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November 1, 2013
Photo of limestone pavement inside the gateway to the Moorehead Circle at Fort Ancient.Photo of a trench at Pickawillany.Photo of several views of a fragment of a decorated stone pipe bowl found at Pickawillany.
Archaeology
Summer Field School Students Study Fort Ancient and Pickawillany

Ohio college and university students taking part in field schools aided ongoing archaeological research at two Ohio History Connection sites this summer: Fort Ancient Earthworks and Nature Preserve in Warren County, and Pickawillany, site of an 18th-century Miami Indian town and English traders’ compound that’s part of Johnston Farm and Indian Agency Historic Site in Miami County.

Students Investigate Ancient Moorehead Circle
For the eighth consecutive summer, Dr. Robert Riordan of Wright State University directed a field school of students in investigating the construction methods used to build the Moorehead Circle, a feature of Fort Ancient. The Moorehead Circle is a ceremonial plaza of interlocking limestone pavements once surrounded by a woodhenge, or circle, of very large wooden posts. The entire structure was more than 200 feet in diameter.

Discovered in 2005 during an Ohio History Connection erosion-control project at Fort Ancient, the Moorehead Circle is named in honor of Warren K. Moorehead (1866–1939), an early explorer of Fort Ancient who served as the Ohio History Connection’s first curator of archaeology from 1894–1897.

This year’s field school focused on examining a gateway opening along the south edge of the circle, which features an extensive pavement of large limestone slabs. Excavations there revealed at least two major construction episodes, with the original pavement buried beneath a layer of sand, in turn covered with an entirely new layer of stone slabs. The ultimate purpose of the Moorehead Circle is not well understood yet, but what is plainly evident is that a tremendous amount of thought and effort went into construction of this very special feature.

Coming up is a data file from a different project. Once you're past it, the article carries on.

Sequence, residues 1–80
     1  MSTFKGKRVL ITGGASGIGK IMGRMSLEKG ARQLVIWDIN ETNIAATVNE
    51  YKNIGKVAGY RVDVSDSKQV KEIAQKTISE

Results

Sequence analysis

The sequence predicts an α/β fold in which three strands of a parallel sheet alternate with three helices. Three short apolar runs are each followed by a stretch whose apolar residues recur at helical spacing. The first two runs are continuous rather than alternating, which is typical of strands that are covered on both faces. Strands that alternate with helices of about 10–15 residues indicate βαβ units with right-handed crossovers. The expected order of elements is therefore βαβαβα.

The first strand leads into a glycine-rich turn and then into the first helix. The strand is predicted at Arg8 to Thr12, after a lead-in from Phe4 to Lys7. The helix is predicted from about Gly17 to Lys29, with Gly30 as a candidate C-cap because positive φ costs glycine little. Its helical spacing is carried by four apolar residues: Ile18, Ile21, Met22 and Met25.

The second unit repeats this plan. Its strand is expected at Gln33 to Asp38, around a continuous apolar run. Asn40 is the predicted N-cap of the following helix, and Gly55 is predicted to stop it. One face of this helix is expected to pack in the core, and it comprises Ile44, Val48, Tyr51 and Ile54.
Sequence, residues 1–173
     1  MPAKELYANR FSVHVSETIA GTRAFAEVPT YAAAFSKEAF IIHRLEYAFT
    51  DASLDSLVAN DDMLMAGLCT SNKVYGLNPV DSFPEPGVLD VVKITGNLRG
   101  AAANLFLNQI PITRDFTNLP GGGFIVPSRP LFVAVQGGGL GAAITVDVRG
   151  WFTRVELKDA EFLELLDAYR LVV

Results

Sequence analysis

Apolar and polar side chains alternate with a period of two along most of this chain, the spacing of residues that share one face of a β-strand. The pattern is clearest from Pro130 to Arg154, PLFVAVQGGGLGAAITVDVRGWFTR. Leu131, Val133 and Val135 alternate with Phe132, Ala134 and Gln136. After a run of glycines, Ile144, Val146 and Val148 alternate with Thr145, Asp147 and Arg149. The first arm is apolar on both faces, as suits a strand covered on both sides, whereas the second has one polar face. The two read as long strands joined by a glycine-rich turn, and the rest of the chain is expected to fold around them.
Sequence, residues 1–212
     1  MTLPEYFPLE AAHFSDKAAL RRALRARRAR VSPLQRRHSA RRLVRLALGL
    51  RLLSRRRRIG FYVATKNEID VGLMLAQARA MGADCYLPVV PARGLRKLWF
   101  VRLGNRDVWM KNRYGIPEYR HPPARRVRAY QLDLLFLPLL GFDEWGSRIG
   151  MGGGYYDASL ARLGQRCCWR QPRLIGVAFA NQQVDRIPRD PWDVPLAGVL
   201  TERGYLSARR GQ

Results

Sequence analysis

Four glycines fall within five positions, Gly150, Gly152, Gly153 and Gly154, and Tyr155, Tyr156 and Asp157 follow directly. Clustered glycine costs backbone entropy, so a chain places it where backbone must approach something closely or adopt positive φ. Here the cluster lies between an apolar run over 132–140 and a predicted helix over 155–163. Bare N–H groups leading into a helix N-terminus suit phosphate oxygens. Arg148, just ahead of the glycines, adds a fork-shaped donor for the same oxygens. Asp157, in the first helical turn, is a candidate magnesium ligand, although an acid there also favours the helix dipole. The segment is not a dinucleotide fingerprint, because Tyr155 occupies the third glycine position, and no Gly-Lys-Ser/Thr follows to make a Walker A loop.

Fort Ancient is one of a number of Ohio sites collectively known as the Hopewell Ceremonial Earthworks that are on the United States Department of the Interior’s Tentative List of sites to be considered for nomination to UNESCO’s World Heritage List.

Learn more about Fort Ancient Earthworks and Nature Preserve and read more about the proposed World Heritage List nomination in these stories from the Oct. 2, 2013, issue of Ohio Histore-news.

A Miami Indian and English Traders’ Compound of 1748–1752
Pickawillany was a Miami Indian town located along the Great Miami River north of Piqua from 1748–1752 that included an English traders’ compound. In 1752, French forces attacked Pickawillany, destroying it and driving away the English traders.

This summer, Hocking College students under direction of Dr. Annette Ericksen investigated two large features there, Features 60 and 61. Both appear to have been storage pits that eventually became refuse dumps related to the English traders’ occupation at the site. Both contained mostly animal bone fragments and a few European trade items. Interestingly, Feature 61 also contained a large fragment of a decorated stone pipe bowl, possibly the unfinished work of a Miami Indian resident of Pickawillany.

In conjunction with Hocking College, Ohio History Connection staff archaeologists conducted investigations designed to locate remnants of the stockade that surrounded the English traders’ compound at the time of the French attack. Although they didn’t find a typical 18th-century stockade line, they did identify the remains of a large squared wooden post.

“While one post doesn’t make a stockade, it may prove valuable in determining just exactly how the Pickawillany stockade was constructed and, more importantly, where it stood on the site,” says Ohio History Connection Archaeologist Bill Pickard.

Partnerships Provide Benefits
“The partnerships with Wright State University and Hocking College provide great benefits not only to the institutions and students who have a unique opportunity to work at these important sites but to us all, since the information they uncover reveals more about Ohio’s past,” he adds.